Hegel Museum and Birthplace
Whether or not the philosopher Georg Wilhelm Friedrich Hegel was the greatest of Stuttgart’s native sons is still a moot point. One thing is quite certain, however: in the last years of his life in Berlin, he had become one of the most influential philosophers of his day – a »European phenomenon«, as Nietzsche put it. Georg Wilhelm Friedrich Hegel was born on August 27, 1770 in the house at 53 Eberhardstrasse – known today as the Hegel-Haus.
In his native city of Stuttgart, Hegel attended the Gymnasium Illustre, a grammar school which today is the Eberhard-Ludwigs-Gymnasium. At the age of eighteen he moved to Tübingen to study theology. As an undergraduate theologian on a ducal scholarship, Hegel lived at the famous seminary, the »Evangelisches Stift«, during his studies. Here he struck up friendships with two fellow students with whom he shared a room: Friedrich Hölderlin, his contemporary in age, and Friedrich Wilhelm Joseph Schelling who was five years his junior. Hegel passed his Master’s degree examination in Tübingen in 1793.
His life in the years that followed was not particularly eventful. He was a private tutor in Berne and Frankfurt (1793–1800), a lecturer at Jena University (1801–1807), editor-inchief of a newspaper in Bamberg (1807–1808), headmaster in Nuremberg (1808–1816), and professor at the University of Heidelberg (1816–1818). There was no hint of the immense stature he would one day attain, nor the influence he would exert over the intellectual life of his times. When he accepted the chair of philosophy at Berlin University in 1818, that all changed overnight.
Hegel’s appearances as an academic teacher very soon became events of public interest. Numerous students and curious spectators from all over Europe travelled to Berlin to listen to Hegel, whose lectures from his professorial chair displayed the universality of his prodigious knowledge. He spoke about logic, the philosophy of nature, anthropology and psychology, and the philosophy of law, religion and art. His two lectures, »The Philosophy of World History« and »The History of Philosophy«, were the great attraction for Berlin’s intellectual and social circles on account of their clarity and breadth of content.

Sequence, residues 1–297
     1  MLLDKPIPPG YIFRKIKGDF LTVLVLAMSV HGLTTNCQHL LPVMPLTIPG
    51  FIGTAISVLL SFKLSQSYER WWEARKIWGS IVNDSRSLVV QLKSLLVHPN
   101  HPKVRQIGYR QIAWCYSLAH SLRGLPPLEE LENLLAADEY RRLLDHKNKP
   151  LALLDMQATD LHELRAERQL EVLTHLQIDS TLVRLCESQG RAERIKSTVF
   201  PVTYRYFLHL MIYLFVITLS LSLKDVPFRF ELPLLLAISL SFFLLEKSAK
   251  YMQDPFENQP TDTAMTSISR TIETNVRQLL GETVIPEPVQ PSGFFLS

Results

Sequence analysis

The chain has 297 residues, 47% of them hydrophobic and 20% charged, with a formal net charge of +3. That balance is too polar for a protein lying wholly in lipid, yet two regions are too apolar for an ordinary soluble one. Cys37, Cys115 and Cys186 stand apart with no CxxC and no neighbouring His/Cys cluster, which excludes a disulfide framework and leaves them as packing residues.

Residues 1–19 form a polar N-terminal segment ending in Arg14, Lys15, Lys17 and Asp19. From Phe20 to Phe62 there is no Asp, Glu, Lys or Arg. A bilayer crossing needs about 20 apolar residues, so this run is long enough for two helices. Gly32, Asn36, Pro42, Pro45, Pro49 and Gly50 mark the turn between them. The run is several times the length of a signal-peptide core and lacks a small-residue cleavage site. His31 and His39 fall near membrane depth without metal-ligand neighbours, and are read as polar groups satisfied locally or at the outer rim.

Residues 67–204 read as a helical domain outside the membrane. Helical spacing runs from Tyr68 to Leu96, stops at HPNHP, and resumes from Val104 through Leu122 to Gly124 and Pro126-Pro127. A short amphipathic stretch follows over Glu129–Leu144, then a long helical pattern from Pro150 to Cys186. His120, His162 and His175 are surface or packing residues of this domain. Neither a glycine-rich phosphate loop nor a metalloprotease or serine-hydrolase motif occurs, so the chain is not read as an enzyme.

As well as lecturing, Hegel also wrote highly influential works – the first being »The Phenomenology of Spirit« which appeared in 1807, followed by »The Science of Logic« (1812–16) and »The Philosophy of Right« published in 1821 – to name but three of his many publications. Some of his works were published only after his death in 1831. Even beyond the academic world of Berlin, Hegel exercised an extraordinary influence, which persisted long after his death. Especially the revolutionary thinkers of the nineteenth century – Sören Kierkegaard and Karl Marx, for example – grappled with the monumental structure of Hegel’s thought. According to Lenin, Hegel was compulsory reading for anyone who wished to understand Marx. What Hegel had accomplished, and what still makes him so fascinating and relevant, was nothing more or less than the attempt to grasp intellectually and explain the whole of existence, past and present, including the knowledge of God. In an impressive intellectual structure, he integrated all of philosophy up to his day in one unified system. No one seriously concerned with philosophy today, no one who wants an intellectual grasp of the world and existence can afford to ignore Hegel!
The ground floor of the Hegel-Haus is set out as a historical tour of »Stuttgart in Hegel’s Lifetime 1770–1831«. The Hegel Museum is upstairs on the first and second floors. »From Stuttgart to Berlin – Stages in Hegel’s Life« is a six-room exhibition about the philosopher’s life and his progress from Stuttgart via the seminary in Tübingen to his appointment to a professorship at Berlin University. On display are manuscripts, pictures and documents, in an exhibition designed in accordance with Goethe’s theory of colours, which Hegel strongly supported.
The Hegel Haus regularly hosts literary and philosophical events in German language. For up-to-date event listings please check the event caldendar.
Weddings in the Hegel-Haus
The vaulted cellar of the Hegel-Haus can be used as a wedding venue. If you would like to celebrate your marriage or civil partnership ceremony here, please contact both the Hegel-Haus (or outside opening hours, Stadtmuseum Stuttgart) and Stuttgart registry office (»Standesamt«) and let us know the date you have in mind.
Hegel Haus +49 (0)711 / 216 964 10 (during opening hours) or Stadtmuseum Stuttgart +49 (0)711 / 216 964 00 or 964 06; Standesamt Stuttgart registry office +49 (0)711 / 216 888 42
Mon, Tue, Wed, Fri 10–17.30
Entry is free of charge
Only the ground floor of the Hegel Haus (incl. WC) has wheelchair access
U1, U2, U4, U11 Haltestelle Rathaus
U1, U4, U14 Haltestelle Rotebühlplatz
Tel. +49 (0)711 / 216 25888
Guided Tours (in English) upon demand